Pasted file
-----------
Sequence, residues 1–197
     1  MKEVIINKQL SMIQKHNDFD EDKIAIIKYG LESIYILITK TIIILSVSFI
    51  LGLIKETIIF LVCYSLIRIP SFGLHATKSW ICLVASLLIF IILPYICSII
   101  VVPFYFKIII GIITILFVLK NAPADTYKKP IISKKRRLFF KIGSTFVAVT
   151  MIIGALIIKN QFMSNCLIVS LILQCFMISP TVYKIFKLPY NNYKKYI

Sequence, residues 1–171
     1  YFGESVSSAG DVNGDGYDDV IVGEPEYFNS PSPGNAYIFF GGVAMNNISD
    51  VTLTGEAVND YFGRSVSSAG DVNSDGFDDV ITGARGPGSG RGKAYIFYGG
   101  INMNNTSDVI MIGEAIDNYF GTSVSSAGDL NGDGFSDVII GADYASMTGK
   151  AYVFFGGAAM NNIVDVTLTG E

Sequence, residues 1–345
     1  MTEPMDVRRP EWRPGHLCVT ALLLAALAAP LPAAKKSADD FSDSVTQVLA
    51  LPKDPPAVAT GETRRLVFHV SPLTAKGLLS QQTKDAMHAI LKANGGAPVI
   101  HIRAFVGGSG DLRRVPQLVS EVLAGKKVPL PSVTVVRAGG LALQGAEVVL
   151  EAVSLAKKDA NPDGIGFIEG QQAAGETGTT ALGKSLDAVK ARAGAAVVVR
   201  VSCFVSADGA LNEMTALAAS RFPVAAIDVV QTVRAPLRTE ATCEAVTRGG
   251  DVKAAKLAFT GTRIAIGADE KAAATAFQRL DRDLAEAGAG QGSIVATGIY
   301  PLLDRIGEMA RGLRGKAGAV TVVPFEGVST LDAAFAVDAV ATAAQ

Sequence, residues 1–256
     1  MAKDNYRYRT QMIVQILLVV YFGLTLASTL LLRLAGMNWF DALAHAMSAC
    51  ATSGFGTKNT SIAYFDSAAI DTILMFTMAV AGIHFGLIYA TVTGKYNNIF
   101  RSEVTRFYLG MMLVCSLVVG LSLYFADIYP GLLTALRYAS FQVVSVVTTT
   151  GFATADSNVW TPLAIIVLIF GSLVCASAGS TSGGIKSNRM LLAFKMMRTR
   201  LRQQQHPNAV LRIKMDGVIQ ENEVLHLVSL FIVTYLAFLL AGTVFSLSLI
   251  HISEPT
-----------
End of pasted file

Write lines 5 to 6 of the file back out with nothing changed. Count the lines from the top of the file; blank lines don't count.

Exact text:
   151  MIIGALIIKN QFMSNCLIVS LILQCFMISP TVYKIFKLPY NNYKKYI

Sequence, residues 1–171